Senate Unanimously Passes Bill Making Animal Cruelty a Federal Crime

November 6, 2019 Updated: November 6, 2019

The U.S. Senate unanimously passed a bill on Tuesday making animal cruelty a federal felony.

S. 479 was introduced in February by Sen. Pat Toomey (R-Penn.).

“Passing this legislation is a major victory in the effort to stop animal cruelty and make our communities safer. Evidence shows that the deranged individuals who harm animals often move on to committing acts of violence against people. It is appropriate that the federal government have strong animal cruelty laws and penalties,” Toomey said in a statement after the vote.

“There is no place in a civilized society for maiming and torturing animals—period,” added Sen. Richard Blumenthal (D-Conn.) in a statement.

The bill would enable federal authorities to prosecute people who purposely crush, burn, drown, suffocate, impale animals, or subject animals to serious bodily injury.

The House unanimously passed the bill, known as the PACT Act, which stands for Preventing Animal Cruelty and Torture, on Oct. 23.

“Today’s vote is a significant milestone in the bipartisan quest to end animal abuse and protect our pets. This bill sends a clear message that our society does not accept cruelty against animals. We’ve received support from so many Americans from across the country and across the political spectrum,” Rep. Ted Deutch (D-Fla.), who introduced the bill with Rep. Vern Buchanan (R-Fla.), said in a statement after the vote.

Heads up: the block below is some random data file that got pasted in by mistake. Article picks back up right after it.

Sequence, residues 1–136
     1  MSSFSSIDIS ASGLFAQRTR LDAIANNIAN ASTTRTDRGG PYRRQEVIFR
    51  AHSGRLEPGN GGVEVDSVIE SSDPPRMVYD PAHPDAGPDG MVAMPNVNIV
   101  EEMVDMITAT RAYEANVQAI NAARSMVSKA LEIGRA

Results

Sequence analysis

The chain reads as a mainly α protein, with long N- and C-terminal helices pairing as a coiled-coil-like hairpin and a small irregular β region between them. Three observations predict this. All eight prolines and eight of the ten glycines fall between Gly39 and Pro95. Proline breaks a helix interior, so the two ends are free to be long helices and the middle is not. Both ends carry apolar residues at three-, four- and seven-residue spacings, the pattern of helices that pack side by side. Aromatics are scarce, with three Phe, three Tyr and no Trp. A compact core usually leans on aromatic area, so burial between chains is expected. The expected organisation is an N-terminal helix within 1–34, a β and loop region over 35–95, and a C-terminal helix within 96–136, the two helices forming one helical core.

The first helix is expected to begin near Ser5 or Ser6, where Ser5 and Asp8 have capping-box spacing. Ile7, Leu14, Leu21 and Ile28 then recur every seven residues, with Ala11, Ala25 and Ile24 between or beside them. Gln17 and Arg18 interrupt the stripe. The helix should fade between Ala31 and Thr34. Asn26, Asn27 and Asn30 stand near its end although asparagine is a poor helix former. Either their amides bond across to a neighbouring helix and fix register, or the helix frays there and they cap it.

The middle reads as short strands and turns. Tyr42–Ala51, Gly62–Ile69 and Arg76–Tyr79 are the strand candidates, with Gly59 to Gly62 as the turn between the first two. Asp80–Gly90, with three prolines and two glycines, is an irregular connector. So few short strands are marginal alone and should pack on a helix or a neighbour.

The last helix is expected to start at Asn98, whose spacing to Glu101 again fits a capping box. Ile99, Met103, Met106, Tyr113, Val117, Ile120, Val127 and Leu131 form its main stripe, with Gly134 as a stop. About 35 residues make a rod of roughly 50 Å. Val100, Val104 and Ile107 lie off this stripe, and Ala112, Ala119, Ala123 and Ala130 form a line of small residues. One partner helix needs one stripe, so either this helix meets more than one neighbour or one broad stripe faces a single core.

“Animal rights activists have stood up for living things that do not have a voice. Law enforcement officers have sought a federal overlay to help them stop animal abusers who are likely to commit acts of violence against people. And animal lovers everywhere know this is simply the right thing to do. I’m deeply thankful for all of the advocates who helped us pass this bill, and I look forward to the Senate’s swift passage and the President’s signature.”

A number of groups endorsed the legislation, including the Humane Society, the Fraternal Order of Police, and the Animal Wellness Foundation.

The bill expands on the Animal Crush Video Prohibition Act, which was passed in 2010 before being signed into law by then-President Barack Obama. That bill criminalized the creation, sale, and marketing of videos showing small animals being tortured to death.

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